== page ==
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A bad experience in Pennsylvania Parks.... More....

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Welcome to Pennsylvania - Now GET OUT!
- by E.A. Zimmerman

We assumed the State of Pennsylvania Dept. of Natural Resources’ motto (see title) was a clever way to encourage visitors to go outside and enjoy nature.  Little did we know that they actually meant GET OUT.

Cedar Creek
After being ejected from a Pennsylvania State Park, we headed to the delightful Cedar Creek campground in the hills of West Virginia, where the campsites are prettier, cheaper and pets are welcome.

It began with a plan to spend two weeks RV camping in the wilds of the keystone state.  Our high maintenance indoor feline does not fare well when left behind, so he always accompanies us.  We are advocates of both “no child left inside,” and “no cats left outside.”   Our cat thoroughly enjoys watching the world through the windows.

Doug researched online which PA campgrounds allow pets, as some states are restrictive.  The Ohiopyle website showed a “dog” icon, indicating pets were permitted.  Therefore, we planned to explore the remote park for the first five days. 

We endured the PA interstate construction that seems to have been going on continuously since the dawn of time, followed by a long, white-knuckler of a drive into the park on steep roads and hairpin turns. 

Since Pennsylvania has no budget yet, the campground gate was unstaffed, so we called in our reservation.  Upon landing, I was a bit disappointed that most of the sites were sloped, densely wooded and dark. We took off for a few hours to hike.  We returned to the nearly empty campground around 7:00 p.m.   I was in my pajamas and Doug was eating dinner when a park officer drove up an hour and a half later.

We said howdee and invited him inside.  He said “We noticed you have a cat.  You will have to leave the campground, as no pets are allowed.” We explained that we had chosen Ohiopyle specifically because the website said pets WERE allowed, and showed him the printout of their webpage.  He politely said the website must be wrong, and we had to leave.  We pointed out that our cat was exclusively an indoor creature, we were already hunkered down for the night, it would take us a while to break camp, but more importantly, the unlit windy roads were unsafe for night driving in a big rig.  While disappointed, we would of course depart first thing in the morning.  He informed us that was not an option.  He left and called his supervisor and confirmed.  I asked if he told the supervisor about the website error and our safety concern, and he admitted he had not.  I asked if I could speak to the supervisor to explain our concern.  He refused.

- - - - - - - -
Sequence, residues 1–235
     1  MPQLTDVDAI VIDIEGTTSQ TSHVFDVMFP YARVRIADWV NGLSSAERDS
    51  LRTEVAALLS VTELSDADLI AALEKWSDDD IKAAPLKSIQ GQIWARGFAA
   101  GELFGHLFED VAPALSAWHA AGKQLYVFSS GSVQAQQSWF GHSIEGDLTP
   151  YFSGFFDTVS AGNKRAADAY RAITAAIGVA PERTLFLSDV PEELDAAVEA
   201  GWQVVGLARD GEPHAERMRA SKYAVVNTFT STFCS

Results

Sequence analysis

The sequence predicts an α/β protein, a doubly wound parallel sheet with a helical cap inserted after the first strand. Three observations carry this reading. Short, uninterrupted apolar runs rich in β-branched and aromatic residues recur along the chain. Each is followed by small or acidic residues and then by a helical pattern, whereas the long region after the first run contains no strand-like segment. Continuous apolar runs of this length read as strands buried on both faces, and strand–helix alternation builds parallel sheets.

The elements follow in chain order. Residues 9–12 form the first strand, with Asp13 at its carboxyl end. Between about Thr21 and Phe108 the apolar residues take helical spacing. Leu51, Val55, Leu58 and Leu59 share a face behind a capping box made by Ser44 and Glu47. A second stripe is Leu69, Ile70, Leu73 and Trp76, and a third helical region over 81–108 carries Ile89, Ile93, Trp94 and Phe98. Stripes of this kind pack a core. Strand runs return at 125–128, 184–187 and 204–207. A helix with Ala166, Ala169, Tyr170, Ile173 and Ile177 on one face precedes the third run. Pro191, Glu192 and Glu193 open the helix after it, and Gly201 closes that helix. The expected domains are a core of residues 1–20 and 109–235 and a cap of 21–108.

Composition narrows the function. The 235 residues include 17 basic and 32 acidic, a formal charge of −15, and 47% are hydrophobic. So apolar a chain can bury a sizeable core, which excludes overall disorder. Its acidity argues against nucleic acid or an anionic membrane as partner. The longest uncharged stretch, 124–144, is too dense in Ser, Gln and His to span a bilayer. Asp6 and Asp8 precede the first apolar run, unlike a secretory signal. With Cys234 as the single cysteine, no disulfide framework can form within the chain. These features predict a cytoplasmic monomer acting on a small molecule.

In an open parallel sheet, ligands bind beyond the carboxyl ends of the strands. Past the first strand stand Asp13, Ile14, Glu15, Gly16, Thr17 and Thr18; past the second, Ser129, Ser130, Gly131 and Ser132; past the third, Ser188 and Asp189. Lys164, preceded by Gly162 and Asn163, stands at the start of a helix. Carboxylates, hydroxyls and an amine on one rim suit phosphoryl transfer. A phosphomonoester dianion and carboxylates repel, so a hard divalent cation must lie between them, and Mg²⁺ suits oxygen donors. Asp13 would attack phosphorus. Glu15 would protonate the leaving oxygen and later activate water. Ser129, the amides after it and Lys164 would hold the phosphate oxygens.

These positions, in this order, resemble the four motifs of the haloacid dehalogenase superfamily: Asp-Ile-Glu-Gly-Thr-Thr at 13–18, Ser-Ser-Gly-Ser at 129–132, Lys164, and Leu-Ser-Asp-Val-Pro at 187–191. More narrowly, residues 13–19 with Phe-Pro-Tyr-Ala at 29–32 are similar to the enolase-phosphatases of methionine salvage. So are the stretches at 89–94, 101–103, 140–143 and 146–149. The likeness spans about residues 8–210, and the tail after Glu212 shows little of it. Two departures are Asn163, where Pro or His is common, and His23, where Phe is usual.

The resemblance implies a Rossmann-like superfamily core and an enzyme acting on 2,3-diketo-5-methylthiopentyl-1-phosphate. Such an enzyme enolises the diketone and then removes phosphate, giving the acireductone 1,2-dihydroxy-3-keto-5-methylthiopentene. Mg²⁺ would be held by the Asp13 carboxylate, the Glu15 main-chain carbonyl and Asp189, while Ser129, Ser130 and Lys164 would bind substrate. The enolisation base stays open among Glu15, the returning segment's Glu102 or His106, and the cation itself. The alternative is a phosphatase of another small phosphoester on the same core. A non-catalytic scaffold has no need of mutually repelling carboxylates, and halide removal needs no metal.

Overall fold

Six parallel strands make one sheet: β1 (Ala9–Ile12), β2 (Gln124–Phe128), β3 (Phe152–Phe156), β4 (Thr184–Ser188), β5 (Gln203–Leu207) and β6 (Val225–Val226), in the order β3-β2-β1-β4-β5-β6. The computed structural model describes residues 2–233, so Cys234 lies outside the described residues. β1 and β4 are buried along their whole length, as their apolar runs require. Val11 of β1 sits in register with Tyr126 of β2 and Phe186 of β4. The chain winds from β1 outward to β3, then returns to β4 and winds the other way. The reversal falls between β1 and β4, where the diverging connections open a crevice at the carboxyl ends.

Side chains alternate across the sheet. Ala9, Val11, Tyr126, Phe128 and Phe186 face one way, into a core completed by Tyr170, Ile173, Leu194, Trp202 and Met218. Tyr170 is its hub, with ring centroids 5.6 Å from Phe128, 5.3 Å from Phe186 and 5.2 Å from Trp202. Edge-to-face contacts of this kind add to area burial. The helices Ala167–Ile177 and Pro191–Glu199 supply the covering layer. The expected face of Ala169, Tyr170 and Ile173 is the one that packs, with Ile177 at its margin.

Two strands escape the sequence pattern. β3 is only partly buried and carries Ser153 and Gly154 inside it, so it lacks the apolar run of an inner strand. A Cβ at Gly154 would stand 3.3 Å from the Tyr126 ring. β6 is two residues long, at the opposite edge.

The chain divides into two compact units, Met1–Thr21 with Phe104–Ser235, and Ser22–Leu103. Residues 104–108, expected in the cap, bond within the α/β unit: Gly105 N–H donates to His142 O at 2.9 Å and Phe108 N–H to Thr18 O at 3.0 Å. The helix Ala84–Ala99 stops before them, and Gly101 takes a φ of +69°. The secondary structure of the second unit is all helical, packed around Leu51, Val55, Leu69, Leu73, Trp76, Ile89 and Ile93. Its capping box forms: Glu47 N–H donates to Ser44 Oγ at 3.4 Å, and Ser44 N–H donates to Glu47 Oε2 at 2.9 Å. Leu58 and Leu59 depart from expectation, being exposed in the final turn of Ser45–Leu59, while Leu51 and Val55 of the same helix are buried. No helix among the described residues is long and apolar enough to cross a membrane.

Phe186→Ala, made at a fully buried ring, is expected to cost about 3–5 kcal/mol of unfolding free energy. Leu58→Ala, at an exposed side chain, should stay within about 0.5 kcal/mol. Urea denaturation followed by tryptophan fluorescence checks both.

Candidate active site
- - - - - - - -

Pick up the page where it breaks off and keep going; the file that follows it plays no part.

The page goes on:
I can see why dogs or outdoor cats are not allowed in some parks, as they could harass wildlife and other campers.  In these hard economic times, some parks are having problems with people dumping off pets.  If pet waste is not disposed of in trashcans, it could spread disease to wildlife and humans.  However, the officer at Ohiopyle was unable to explain why indoor cats were prohibited, and simply said there were no exceptions.  We were led down the wrong path by the government’s own website, but they did not stand behind the information they provided. We left for a harrowing drive out. 

In this situation, employees had the option to make a reasonable accommodation in light of the fact that we were misled by their mistake. They chose not to.  In turn, we chose not to spend any more of our time or money in their state.  We headed to a lovely and peaceful campground in West Virginia where pets are welcome.   We met lots of friendly West Virginians, including a couple who taught us to play “corn hole,” which is kind of like horseshoes except you try to throw bags of corn into a hole in a platform.  The rates for sites are also twenty percent lower that Pennsylvania’s. 

Pennsylvania not only lost our goodwill - they also lost two weeks of tourist-related revenue.  We would have spent hundreds of dollars on campground fees, gasoline, tolls, grocery and gift shopping, auto parts, restaurants, museums and more.  With government, businesses and non-profit organizations struggling financially, it is not in the State’s best interest to turn off visitors.  This incident also underscores how every interaction an employee has with visitors can have repercussions that can help or harm the local economy.    

Epilogue:  While enjoying our stay in West Virginia, I did receive an email from a park employee that our reservation payment had been refunded, and acknowledging that the website was erroneous and they planned to change it.  However, so far, our impression of the State remains unchanged.


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Originally published in the Villager newspapers on October 2, 2009


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